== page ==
ISLAMABAD (AP) — A minister in Pakistan's newly elected government faced criticism Wednesday following his plea to the nation to drink less tea to help save on imports amid a deepening economic crisis.
Pakistan is among the world's top tea importers, a hugely popular drink among both the rich and the poor in this country of 220 million people. The government has to spend about $600 million dollars from the central bank's hard currency reserves for tea imports annually.
A Pakistani is believed to drink at least three cups of tea a day on average, the nation's caffeinated drink of choice.
Prime Minister Shahbaz Sharif, who took over in April after Imran Khan was ousted in a no-confidence vote in Parliament, has pledged to improve the ailing economy and meet conditions set by the International Monetary Fund in an effort to revive a $6 billion bailout package.
Still, Planning Minister Ahsan Iqbal's appeal to drink less tea surprised many.
“I appeal to the people to reduce their tea drinking by one or two cups a day because we also borrow money for the tea, which is imported,” Iqbal said at a press conference on Tuesday.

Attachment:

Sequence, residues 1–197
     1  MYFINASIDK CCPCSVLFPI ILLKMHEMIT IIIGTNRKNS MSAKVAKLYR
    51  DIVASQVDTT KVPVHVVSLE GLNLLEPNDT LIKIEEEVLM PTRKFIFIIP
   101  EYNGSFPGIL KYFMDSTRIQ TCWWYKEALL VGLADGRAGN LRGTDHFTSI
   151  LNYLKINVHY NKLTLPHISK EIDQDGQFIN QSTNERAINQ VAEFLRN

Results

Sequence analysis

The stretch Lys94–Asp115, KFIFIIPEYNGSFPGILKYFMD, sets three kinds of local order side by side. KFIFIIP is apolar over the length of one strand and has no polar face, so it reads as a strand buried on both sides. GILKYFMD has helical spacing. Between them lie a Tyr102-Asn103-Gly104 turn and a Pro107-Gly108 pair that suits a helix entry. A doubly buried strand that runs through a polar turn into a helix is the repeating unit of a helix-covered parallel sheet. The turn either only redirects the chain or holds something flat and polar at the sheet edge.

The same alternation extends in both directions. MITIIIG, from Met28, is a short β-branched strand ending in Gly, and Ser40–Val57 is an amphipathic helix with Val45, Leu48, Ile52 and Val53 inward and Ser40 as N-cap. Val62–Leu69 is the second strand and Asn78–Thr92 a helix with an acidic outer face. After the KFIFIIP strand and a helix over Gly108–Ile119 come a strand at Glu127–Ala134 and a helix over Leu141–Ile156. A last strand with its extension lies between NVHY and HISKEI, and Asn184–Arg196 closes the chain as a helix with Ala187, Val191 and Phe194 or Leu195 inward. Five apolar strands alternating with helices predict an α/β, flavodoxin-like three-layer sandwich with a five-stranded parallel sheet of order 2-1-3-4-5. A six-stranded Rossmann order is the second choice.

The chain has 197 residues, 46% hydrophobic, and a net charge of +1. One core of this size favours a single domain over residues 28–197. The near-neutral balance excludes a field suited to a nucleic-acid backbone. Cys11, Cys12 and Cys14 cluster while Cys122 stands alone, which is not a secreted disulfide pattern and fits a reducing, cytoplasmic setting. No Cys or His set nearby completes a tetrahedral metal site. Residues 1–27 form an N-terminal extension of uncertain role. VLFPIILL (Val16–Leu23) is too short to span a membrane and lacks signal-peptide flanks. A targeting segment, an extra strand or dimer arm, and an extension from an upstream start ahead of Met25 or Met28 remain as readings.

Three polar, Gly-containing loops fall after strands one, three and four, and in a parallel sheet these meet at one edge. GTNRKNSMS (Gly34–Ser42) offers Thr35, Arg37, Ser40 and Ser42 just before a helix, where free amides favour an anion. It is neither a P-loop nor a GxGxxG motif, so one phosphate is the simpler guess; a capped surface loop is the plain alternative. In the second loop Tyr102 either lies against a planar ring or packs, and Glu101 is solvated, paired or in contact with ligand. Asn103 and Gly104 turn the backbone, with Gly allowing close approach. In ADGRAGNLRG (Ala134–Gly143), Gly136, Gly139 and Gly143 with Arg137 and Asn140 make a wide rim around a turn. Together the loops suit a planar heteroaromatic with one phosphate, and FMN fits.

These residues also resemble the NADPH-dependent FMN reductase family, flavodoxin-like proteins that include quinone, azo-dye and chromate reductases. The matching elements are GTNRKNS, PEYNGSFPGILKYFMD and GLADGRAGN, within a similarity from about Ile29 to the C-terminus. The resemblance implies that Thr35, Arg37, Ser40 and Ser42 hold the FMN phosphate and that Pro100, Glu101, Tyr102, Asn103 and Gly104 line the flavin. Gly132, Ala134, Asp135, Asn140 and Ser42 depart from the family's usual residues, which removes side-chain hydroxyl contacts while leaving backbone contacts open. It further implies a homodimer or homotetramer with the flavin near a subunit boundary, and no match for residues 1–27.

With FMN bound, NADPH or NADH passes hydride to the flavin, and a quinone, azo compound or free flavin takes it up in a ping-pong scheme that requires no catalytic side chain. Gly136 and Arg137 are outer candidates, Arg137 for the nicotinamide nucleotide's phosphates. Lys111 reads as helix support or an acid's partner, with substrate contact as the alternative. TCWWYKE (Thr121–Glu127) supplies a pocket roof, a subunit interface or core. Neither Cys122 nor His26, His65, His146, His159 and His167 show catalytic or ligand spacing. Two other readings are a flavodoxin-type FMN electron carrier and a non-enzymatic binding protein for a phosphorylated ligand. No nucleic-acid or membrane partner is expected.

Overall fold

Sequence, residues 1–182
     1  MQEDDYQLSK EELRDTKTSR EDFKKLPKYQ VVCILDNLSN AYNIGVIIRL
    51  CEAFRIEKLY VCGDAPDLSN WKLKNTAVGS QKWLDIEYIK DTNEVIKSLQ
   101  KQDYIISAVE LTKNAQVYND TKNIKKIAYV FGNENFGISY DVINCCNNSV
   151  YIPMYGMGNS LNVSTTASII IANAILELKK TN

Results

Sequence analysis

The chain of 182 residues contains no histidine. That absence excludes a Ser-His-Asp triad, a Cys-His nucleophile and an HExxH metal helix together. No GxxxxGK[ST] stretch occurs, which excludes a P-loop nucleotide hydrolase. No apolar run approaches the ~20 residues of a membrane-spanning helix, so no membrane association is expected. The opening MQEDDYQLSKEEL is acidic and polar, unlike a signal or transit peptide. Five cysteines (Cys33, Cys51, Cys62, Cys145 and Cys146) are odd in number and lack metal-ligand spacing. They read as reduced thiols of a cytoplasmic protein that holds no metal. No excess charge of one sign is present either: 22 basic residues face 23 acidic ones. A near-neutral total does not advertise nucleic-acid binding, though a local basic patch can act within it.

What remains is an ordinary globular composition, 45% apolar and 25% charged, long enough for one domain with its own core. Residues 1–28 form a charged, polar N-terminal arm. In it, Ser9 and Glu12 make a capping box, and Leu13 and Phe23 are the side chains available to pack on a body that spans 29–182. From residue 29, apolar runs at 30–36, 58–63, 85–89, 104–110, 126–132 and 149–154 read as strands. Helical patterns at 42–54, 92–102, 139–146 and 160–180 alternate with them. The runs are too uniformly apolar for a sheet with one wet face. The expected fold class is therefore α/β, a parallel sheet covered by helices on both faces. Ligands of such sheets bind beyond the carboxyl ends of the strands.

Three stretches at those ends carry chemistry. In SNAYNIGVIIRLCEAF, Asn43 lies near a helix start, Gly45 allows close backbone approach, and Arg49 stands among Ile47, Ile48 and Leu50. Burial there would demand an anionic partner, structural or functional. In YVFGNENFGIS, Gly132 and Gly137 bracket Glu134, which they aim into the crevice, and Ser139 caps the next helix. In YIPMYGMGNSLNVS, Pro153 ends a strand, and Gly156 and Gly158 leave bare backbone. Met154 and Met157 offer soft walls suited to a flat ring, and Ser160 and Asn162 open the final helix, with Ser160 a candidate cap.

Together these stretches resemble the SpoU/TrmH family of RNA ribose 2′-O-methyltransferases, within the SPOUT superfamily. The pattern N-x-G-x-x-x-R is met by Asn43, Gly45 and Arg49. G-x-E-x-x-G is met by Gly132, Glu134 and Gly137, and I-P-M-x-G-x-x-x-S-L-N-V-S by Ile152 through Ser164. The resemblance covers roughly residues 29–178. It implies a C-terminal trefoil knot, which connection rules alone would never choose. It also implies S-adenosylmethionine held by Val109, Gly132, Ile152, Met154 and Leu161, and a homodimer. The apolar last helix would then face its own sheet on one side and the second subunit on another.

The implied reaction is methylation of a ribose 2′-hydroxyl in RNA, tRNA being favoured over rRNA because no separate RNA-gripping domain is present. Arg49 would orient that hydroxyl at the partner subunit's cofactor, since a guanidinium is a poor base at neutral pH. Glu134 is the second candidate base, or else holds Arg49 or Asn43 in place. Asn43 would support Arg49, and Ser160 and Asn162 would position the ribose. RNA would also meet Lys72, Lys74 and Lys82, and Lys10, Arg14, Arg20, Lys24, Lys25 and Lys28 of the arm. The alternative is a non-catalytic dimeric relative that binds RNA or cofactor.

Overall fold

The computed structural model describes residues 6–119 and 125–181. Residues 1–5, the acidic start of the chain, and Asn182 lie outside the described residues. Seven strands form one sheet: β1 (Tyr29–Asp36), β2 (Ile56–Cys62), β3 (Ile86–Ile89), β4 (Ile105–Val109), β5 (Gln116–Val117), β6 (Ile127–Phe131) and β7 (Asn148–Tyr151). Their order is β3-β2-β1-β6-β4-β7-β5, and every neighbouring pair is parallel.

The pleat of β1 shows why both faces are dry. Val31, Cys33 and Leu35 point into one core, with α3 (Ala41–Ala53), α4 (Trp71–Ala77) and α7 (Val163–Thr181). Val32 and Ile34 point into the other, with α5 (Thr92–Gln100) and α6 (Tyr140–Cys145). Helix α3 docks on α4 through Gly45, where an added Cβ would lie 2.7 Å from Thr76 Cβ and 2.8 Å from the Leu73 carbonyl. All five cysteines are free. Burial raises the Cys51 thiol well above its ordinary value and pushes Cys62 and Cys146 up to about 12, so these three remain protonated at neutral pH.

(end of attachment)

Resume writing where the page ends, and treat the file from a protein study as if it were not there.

Some have openly advised Iqbal on social media to resign.
“Yesterday Ahsan Iqbal asked us to consume less tea and tomorrow they may say eat less. Is it a solution?” asked Dil Sher, who owns a roadside tea stall on the outskirts of Islamabad.
The government has so far hiked the price of fuel, natural gas and electricity by up to 45%, sending food prices soaring. Last week, Sharif's Cabinet presented its first budget to Parliament for approval, levying more taxes on the rich and vowing to remove subsidies on energy and fuel as demanded by the IMF.
Hourslong power cuts across Pakistan have also made Sharif's coalition government unpopular.
Now in the opposition, Khan’s Pakistan Tehreek-e-Insaf party also took to Twitter, claiming Sharif’s government has damaged the economy, barely two months since taking office. Sharif, however, says he is paying the price for the mismanagement of his predecessor's government.
During his 3 1/2 years in power, Khan's government also faced criticism, including when a lawmaker from his party, Riaz Fatyana, appealed on people to use less sugar and eat just one flatbread with every meal instead of more amid a shortage of sugar and wheat at the time. In Pakistan, most people consume roti, a flatbread similar to India's naan.
Pakistan's currency, the rupee, plummeted to a record low in trading against the U.S. dollar on Wednesday. According to the central bank, the rupee slid to 206 against the U.S. dollar.